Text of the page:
Discovered a trick with face masks that have ties instead of elastic. Put both ends through a pony bead. Then you can tighten or loosen to customize them to fit around your ears. More comfortable than elastic. pic.twitter.com/yAWmBR1wec
Clearly, this mask would not irritate the ears at all. Morever, it solves the issue of fiddling, becase the front of the mask is metallic, so you could clean it with alchohol (unlike fabric). But I can’t tell what prevents it from sliding down round the neck. Readers?
This is a leather pup hood commission I took on before I made my dark red mask. They had a good idea what they wanted in the mask and I had a lot of fun bring it to life . They were very happy with the design and how it came out over all and so was I. pic.twitter.com/cAQ8hceXGf
— Patches Pup / Jed Jackalope (@JedJackalope) May 5, 2020
“Now, it’s complete because it’s ended here,” as the Fremen say. Readers, what is your mask experience? What do you think your mask experience should be? Oh, and I forgot the basic premise of the post: that #COVID-19 is not not the first pandemic, and will not be the last. The next one could be really bad. So, culturally, we had better get masked up.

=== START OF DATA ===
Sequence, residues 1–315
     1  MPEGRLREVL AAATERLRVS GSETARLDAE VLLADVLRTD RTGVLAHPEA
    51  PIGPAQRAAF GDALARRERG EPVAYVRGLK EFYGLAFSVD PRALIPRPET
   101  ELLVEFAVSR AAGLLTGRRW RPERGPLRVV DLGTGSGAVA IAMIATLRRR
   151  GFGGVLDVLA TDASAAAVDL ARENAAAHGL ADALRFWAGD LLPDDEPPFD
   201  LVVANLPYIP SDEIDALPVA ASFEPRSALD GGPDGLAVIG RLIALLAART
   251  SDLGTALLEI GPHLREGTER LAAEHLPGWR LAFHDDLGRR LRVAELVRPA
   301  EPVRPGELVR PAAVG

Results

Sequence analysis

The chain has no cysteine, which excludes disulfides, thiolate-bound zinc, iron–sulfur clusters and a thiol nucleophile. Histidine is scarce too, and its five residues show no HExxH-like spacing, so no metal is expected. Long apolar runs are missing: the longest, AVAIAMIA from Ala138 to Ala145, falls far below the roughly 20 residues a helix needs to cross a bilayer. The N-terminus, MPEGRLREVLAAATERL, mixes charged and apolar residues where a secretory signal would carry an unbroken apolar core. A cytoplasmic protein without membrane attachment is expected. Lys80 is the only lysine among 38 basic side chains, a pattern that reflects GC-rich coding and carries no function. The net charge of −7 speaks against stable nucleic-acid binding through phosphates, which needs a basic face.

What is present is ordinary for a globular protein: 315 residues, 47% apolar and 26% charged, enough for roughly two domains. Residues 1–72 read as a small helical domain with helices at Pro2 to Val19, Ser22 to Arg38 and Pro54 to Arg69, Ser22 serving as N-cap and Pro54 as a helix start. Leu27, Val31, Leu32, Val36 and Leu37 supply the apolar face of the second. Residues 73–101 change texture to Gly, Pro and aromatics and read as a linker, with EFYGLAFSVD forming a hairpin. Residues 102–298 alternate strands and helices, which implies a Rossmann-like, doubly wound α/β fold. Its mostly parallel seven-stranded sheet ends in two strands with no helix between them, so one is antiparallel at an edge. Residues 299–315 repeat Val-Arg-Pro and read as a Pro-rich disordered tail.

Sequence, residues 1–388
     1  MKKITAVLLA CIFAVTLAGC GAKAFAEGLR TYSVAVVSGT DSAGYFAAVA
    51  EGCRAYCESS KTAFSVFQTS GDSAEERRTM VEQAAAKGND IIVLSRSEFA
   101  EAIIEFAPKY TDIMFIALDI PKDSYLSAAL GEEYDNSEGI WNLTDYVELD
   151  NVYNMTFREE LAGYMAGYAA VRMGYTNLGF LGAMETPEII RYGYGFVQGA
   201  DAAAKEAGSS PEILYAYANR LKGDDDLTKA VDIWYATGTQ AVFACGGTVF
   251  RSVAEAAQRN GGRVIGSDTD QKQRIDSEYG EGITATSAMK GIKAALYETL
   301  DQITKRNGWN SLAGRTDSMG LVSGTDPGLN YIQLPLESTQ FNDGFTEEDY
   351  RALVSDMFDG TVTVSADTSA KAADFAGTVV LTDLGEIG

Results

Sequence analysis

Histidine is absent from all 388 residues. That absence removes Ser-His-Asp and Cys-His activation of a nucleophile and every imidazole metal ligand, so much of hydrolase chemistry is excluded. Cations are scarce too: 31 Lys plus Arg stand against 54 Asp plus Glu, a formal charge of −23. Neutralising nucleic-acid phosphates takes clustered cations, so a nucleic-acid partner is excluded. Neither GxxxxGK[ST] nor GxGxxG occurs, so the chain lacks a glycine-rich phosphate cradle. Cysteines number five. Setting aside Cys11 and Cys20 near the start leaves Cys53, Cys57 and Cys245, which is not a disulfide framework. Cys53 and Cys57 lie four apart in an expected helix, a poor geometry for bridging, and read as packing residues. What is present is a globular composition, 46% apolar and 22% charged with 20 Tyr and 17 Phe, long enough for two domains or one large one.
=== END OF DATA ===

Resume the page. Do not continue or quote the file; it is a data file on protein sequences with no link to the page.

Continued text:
I fantasize of the cloth portion made from banana leaves or bamboo, like Ghandi spinning cotton by hand, for example.
 When I say “surgical mask,” I’m referring to the construcion, cloth and loops, not to the grade. From The Fashion Law:
It is well understood that “masks must be made with strict [often legally-governed] standards and patterns in mind,” Emily Brayshaw, a professor at the University of Technology in Sydney, asserts, while also observing various labeling guidelines. (The existence of such strict federal regulations when it comes to masks is almost certainly why “designers who are making masks have begun to emphasize that they are ‘non-surgical,’” per GQ). Such standards – which include the use of specific medical-grade textiles and coating technologies that aid in filtration (to ensure that the masks do, in fact, serve to block minuscule airborne particles), and manufacture and storage of the masks in an environment that meets the legally-defined “quality system requirements” – can be difficult to meet. As many of the designers that have set out to make masks and other PPE told GQ, they “now find themselves facing manufacturing quandaries, with some stalled by unclear guidelines and a lack of access to medical-grade fabrics.”